New PD rights and deemed discharge of planning conditions to be introduced in April

Out-Law News | 31 Mar 2015 | 2:55 pm | 2 min. read

Several new types of existing buildings will be able to be converted into homes without full planning permission from 15 April under UK planning reforms that will also introduce the "deemed discharge" of certain planning conditions.

Among several new permitted development (PD) rights introduced by an order laid before parliament this week is a temporary right allowing buildings in storage or distribution uses to be converted into homes before April 2018. A permanent right will also be introduced allowing casinos and amusement arcades with up to 150 square metres of floor space to be converted into homes.

In a departure from plans announced in the government's technical consultation on planning last year, the order will not introduce a PD right to convert light industrial units into homes. Nor will it make permanent a temporary PD right that allows offices to be converted into homes until April 2016. However, an increase to the permitted size of rear extensions to homes will become permanent under the order.

A separate order, which will also take effect on 15 April, introduces a procedure through which applicants for planning permission will be able to deem certain planning conditions to be discharged should the relevant council fail to confirm discharge promptly. Under the new procedure, an applicant will be able to serve the council with a "deemed discharge notice" six weeks after applying for confirmation that a condition has been discharged. The notice will specify a date, at least two weeks later, on which the relevant condition will be considered to be discharged unless notice is received of the council's decision.

The second order will also introduce a requirement for local authorities to provide applicants for planning permission with written justification for imposing any planning conditions that require prior approval before development can start. The order will narrow the circumstances under which Natural England, English Heritage and the Highways Agency's successor, Highways England, must be consulted.

However, it will require the Garden History Society to be consulted on development likely to affect registered parks and gardens and make the lead local flood authority a statutory consultee on major planning applications with surface water drainage implications.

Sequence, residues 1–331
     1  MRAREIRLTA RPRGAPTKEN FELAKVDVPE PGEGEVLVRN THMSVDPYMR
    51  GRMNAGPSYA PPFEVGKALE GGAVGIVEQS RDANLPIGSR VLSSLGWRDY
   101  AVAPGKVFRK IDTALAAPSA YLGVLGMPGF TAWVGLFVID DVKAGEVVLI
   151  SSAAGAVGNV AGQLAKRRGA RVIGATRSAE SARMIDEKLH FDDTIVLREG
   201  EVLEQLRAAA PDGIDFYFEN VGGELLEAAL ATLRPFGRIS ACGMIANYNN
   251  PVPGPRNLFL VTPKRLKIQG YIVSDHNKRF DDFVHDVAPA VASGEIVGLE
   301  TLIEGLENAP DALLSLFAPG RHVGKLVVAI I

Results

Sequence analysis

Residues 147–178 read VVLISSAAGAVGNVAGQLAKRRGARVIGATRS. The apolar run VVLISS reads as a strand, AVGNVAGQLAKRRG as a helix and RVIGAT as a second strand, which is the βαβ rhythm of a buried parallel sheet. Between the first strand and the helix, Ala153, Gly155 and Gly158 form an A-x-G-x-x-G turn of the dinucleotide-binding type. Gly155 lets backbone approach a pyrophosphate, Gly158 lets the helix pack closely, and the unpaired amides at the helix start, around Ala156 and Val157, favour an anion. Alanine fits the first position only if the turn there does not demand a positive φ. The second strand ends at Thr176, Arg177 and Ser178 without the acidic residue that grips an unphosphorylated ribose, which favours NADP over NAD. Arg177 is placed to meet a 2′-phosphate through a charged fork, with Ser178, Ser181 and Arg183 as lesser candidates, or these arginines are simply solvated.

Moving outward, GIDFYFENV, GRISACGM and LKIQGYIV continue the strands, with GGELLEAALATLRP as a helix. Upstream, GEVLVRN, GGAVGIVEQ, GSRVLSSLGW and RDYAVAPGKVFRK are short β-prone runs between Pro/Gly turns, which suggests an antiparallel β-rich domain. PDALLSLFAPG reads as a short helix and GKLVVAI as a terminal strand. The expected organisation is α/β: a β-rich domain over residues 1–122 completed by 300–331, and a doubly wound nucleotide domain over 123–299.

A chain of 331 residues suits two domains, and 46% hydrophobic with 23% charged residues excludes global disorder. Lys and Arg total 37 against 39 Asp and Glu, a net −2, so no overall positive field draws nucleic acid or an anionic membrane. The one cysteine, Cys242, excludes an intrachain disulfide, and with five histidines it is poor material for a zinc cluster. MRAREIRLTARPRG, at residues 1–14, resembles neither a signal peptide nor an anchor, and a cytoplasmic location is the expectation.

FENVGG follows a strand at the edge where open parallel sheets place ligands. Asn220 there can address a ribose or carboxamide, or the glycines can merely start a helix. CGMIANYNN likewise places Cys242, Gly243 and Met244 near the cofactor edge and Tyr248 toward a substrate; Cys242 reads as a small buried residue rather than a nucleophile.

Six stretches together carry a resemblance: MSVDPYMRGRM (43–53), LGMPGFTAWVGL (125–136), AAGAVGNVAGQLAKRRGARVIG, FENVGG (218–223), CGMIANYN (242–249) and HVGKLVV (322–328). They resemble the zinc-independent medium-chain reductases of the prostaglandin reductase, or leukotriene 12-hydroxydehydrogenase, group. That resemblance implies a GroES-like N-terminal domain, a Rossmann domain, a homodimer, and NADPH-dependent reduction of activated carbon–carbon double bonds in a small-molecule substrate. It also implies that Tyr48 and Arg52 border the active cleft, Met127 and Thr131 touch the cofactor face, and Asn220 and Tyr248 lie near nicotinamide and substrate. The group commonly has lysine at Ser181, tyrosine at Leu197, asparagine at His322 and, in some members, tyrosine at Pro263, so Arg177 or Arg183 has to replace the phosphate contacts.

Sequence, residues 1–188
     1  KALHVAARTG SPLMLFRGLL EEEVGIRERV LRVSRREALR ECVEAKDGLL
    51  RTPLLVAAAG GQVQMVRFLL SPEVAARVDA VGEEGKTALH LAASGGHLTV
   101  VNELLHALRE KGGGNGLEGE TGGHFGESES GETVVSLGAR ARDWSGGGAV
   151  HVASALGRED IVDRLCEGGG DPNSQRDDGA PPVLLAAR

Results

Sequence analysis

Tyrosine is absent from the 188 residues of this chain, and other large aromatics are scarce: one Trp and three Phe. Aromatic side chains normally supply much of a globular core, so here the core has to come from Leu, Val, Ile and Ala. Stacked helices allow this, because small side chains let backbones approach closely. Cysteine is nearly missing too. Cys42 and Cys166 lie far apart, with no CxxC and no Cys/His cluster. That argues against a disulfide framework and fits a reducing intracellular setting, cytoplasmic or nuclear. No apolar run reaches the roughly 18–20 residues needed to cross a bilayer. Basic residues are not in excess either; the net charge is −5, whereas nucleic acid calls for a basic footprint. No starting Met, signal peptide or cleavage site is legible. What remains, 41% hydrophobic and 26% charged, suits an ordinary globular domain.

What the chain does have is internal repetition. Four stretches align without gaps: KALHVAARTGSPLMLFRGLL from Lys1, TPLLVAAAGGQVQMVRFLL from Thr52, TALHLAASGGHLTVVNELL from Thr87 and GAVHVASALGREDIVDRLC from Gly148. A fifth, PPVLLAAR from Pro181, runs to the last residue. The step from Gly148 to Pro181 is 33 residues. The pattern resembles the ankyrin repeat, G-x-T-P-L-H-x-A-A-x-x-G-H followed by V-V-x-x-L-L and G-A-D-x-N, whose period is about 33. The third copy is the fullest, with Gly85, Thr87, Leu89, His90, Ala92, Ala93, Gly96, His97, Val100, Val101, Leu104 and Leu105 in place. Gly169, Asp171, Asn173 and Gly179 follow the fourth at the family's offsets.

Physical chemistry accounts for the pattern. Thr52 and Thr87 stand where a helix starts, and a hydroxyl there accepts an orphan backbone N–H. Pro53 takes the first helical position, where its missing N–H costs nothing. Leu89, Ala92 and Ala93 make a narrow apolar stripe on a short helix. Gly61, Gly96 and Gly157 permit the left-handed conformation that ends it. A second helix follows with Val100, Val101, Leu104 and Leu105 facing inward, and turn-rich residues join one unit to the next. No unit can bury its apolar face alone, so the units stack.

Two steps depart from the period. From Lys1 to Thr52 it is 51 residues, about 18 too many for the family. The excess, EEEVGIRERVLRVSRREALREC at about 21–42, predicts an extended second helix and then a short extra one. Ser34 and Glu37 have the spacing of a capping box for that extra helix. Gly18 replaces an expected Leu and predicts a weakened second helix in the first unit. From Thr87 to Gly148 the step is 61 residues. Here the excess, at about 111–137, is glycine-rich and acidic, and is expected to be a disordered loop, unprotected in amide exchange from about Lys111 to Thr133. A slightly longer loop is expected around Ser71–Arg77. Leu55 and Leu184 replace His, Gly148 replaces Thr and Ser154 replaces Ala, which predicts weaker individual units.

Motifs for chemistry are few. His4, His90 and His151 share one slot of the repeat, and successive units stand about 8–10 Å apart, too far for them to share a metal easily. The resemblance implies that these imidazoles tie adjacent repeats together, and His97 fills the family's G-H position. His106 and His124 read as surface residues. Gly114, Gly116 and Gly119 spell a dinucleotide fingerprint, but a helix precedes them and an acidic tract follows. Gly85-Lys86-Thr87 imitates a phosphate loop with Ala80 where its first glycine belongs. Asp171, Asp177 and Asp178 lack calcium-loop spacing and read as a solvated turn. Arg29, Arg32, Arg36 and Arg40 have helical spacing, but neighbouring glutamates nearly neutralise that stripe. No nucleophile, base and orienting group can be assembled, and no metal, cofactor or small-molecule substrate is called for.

Planning expert Elizabeth Wiseman of Pinsent Masons, the law firm behind, said: “In the run up to the general election the government is seeking to push through a number of changes to the planning system. There is no doubt that that the provision of housing will be a key election focus for all parties and this is seen in the government's introduction of a new PD right allowing the conversion of premises used for storage or distribution into residential homes."

"Eric Pickles, in his ministerial statement, also stated that the government will 'further consider the case for extending the office to residential reforms, which are helping to provide more new homes on brownfield land'," said Wiseman. "Other new policies and rights announced which may also be considered to have a political subtext include the right to install larger capacity solar panels on non-domestic buildings and support for the provision of car parking spaces.”

The reforms will take effect less than two weeks after another series of planning changes. On 6 April, a restriction on the pooling of section 106 infrastructure contributions in areas without an adopted community infrastructure levy charging schedule will take effect. On the same date, PD rights will be disapplied for the conversion or demolition of pubs listed as assets of community value and the thresholds at which applications must be screened to determine whether environmental impact assessments are required will be changed.